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Free Observation Decks in Tokyo

Elevate Your Eye — Free Observation Decks in Tokyo Japan

Japan has plenty of observation decks and towers and arguably the king of viewing towers: Tokyo Skytree. But when it comes to price, Skytree doesn’t exactly cut it. Fortunately for us there are numerous free options all around the city. Everyone loves free stuff, but there’s always a catch right? Nope, no catch. These locations are all free! So, given that you can’t fly drones around metro Tokyo without a permit, this is the next best thing to getting a look over the city from above.

A quick tip for getting the best view from any of the observation decks during daylight hours is to get there early. The main reason for this is as the day progresses the haze over the city will build. Weekends can be better than weekdays, especially Sunday morning. As for seasons, winter will offer the clearest skies and so you get the best chance of seeing Mt Fuji from Tokyo (or even Chiba in the case of I-Link.)

Check out the map below for a comprehensive view of the all the locations and read our list for all of the details!

1. Tokyo Metropolitan Government Building

The Tokyo Metropolitan Government Building is probably one of the most popular observation decks in the city. And it is for good reason. On clear days it will give you a view to Mt Fuji and a large portion of the city including a distant Skytree and Tokyo Tower.

Opening Hours: 9:30 am – 11:00 pm (if one tower is closed, check the other)

1. Free Observation Decks in Tokyo Japan Tokyo Metro Building
Wide angle shot of Tokyo Metro Building
f/8, ISO100, 2sec, 12mm (full frame equivalent)

2. Carrot Tower

Carrot Tower is a few stops from Shibuya on the Tokyu-Den-entoshi Line at Sangenjaya Station. Its is well worth the visit and offers views of Tokyo Tower, Mt Fuji and a view back onto Shinjuku. The viewing area is on the 25th floor and is accessed via the lift on the second floor.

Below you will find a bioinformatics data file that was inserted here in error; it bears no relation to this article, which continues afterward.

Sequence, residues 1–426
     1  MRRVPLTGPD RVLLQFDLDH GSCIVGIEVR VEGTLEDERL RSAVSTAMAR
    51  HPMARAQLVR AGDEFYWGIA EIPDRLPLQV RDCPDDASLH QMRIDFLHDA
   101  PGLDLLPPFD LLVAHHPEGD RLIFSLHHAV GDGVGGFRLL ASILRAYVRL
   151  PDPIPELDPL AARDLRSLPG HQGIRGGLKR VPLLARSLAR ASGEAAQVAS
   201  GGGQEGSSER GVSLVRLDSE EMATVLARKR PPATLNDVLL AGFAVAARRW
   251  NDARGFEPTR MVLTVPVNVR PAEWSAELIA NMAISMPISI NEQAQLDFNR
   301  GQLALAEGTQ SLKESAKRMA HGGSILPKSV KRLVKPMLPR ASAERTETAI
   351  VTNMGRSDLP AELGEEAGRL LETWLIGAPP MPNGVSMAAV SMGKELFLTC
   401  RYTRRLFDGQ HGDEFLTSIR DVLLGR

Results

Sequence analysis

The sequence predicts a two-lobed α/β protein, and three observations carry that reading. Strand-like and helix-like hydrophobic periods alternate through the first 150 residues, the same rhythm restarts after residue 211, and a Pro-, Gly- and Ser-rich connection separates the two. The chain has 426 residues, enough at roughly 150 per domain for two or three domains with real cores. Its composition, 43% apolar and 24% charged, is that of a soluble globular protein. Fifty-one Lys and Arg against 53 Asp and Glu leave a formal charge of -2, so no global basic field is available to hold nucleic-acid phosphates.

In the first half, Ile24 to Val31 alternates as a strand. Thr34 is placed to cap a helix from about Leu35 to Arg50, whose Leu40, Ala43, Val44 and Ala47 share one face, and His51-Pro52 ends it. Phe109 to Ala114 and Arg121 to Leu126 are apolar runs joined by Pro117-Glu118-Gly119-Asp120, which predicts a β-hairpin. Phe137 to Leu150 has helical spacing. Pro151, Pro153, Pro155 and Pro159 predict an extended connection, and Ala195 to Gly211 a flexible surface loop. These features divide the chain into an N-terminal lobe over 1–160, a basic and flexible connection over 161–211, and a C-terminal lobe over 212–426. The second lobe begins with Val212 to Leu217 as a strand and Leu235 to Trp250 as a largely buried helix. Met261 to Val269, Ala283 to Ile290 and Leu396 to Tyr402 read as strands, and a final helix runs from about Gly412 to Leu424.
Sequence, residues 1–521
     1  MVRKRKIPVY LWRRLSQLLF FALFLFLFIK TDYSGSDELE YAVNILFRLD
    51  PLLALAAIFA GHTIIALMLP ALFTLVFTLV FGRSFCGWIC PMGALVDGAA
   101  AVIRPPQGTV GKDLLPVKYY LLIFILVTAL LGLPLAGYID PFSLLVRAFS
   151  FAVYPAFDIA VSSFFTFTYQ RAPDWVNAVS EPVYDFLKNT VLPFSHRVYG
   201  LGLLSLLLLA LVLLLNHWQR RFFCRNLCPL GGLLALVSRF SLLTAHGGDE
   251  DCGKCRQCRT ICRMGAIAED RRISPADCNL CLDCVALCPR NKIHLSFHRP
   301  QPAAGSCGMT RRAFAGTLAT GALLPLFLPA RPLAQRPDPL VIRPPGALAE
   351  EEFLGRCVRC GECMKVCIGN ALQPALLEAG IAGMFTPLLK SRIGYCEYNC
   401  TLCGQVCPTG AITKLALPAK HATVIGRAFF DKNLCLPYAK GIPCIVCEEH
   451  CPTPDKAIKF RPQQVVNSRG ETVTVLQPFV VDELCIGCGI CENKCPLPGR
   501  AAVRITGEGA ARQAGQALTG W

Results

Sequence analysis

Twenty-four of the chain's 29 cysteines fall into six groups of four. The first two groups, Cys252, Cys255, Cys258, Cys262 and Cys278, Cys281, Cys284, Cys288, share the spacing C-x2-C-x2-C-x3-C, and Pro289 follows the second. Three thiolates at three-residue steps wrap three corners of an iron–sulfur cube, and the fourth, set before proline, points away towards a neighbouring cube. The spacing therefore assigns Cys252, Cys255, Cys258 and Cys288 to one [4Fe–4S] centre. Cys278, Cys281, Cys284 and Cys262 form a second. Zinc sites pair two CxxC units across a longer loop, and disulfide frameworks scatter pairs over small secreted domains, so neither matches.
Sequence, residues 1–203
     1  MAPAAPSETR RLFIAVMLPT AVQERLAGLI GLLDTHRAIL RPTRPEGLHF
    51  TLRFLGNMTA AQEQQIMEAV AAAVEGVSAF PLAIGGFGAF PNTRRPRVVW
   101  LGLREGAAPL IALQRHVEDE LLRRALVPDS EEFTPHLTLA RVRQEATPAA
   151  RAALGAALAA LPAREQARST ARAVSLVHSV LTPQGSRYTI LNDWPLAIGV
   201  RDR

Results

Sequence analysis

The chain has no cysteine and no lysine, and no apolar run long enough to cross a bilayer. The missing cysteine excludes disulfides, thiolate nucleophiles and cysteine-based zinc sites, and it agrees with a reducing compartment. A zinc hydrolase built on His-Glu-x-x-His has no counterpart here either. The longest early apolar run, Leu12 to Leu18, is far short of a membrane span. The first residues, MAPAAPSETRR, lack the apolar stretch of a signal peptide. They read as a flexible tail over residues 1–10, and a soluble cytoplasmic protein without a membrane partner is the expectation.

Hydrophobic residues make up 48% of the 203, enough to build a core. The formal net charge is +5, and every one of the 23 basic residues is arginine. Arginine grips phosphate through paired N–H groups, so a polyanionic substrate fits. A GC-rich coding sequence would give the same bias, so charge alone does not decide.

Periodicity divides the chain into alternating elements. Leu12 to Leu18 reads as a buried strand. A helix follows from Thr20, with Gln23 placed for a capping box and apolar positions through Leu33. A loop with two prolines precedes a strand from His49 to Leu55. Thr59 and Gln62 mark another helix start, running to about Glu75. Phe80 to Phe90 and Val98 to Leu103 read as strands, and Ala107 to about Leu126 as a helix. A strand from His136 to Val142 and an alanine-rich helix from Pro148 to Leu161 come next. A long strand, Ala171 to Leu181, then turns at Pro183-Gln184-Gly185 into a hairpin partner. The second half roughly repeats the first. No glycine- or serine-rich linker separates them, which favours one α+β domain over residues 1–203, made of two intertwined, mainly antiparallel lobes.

Opening Hours: 9:30 am – 11:00 pm

2. Free Observation Decks in Tokyo Japan Mt Fuji Carrot Tower
Shot of Mount Fuji from Carrot Tower
f/7.1, ISO100, 1/1000sec 200mm (full frame equivalent)
2. Free Observation Decks in Tokyo Japan Carrot tower Tokyo Tower
Tokyo Tower in the back, from Carrot Tower
f/5.6, ISO100, 1/250sec 200mm (full frame equivalent)

3. Yebisu Garden Place Tower

Yebisu Garden Palace Tower is an easy walk from Ebisu Station on the Yamanote Line. There are viewing areas on the 38th and 39th floor, but the 38th floor gives the premium view of Tokyo Tower. With the way the viewing area is setup it was possible for me to use a mini tripod without being in anyone’s way. There are dedicated lifts running to the restaurants and viewing area.

Opening Hours: 11 am – midnight

3. Free Observation Decks in Tokyo Japan Tokyo Tower Yebisu Garden Place Tower
Tokyo Tower from Yebisu Garden Place Tower
f/11, ISO100, 10sec, 120mm (full frame)

4. Hokutopia

Hokutopia, located near Oji Station, is probably most suited to those who are interested in seeing Shinkansen (bullet trains) weaving through the city. One can also get a reasonable view to Skytree with a little zoom. The place was quiet when I visited. Keep in mind you get kicked out of the observatory at 9:45pm and the centre closes at 10pm.

Opening Hours: 8:30 to 10:00 pm

4. Free Observation Decks in Tokyo Japan Skytree Hokutopia
Cloudy night shot of Skytree from the viewing area in Hokutopia
f/8, ISO100, 10sec, 170mm (full frame equivalent)

5. Bunkyo Civic Center Observation Lounge

Bunkyo Civic Center Observation lounge forms part of the local government office and is located near Tokyo Dome. While others are enjoying filling in paperwork on the lower floors, you can enjoy a sweeping vista of the city! To the east, there are views of Skytree (with minimal zoom required) and on a clear day Mt. Fuji with Shinjuku in the foreground is visible to the west.

Opening Hours: 9:00 am – 8:30 pm

5. Free Observation Decks in Tokyo Japan Skytree from Bunkyo Civic Center
Skytree from Bunkyo Civic Center
f/5.6, ISO100, 1/1600sec, 200mm (full frame equivalent)

6. Caretta Shiodome Sky View